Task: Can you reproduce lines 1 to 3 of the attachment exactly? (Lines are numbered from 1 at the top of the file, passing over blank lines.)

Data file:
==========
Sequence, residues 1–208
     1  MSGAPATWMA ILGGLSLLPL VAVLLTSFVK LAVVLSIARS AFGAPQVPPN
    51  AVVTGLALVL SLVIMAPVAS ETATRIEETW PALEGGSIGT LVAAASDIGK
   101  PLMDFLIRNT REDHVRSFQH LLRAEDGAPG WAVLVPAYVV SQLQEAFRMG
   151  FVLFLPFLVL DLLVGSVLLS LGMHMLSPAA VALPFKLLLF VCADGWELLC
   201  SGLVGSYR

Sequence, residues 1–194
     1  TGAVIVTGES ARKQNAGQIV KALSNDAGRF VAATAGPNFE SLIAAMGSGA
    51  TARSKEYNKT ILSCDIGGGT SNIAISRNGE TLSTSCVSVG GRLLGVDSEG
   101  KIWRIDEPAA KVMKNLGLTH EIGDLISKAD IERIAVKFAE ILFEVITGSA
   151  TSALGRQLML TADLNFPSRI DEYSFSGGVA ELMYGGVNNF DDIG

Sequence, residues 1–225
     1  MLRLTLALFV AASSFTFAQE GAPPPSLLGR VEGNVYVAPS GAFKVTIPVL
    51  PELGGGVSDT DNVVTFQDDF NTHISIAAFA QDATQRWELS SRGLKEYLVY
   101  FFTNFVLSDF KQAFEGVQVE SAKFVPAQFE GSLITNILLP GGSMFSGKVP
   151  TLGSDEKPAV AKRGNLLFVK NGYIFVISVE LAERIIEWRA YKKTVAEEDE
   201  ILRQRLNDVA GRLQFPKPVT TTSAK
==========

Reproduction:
Sequence, residues 1–208
     1  MSGAPATWMA ILGGLSLLPL VAVLLTSFVK LAVVLSIARS AFGAPQVPPN
    51  AVVTGLALVL SLVIMAPVAS ETATRIEETW PALEGGSIGT LVAAASDIGK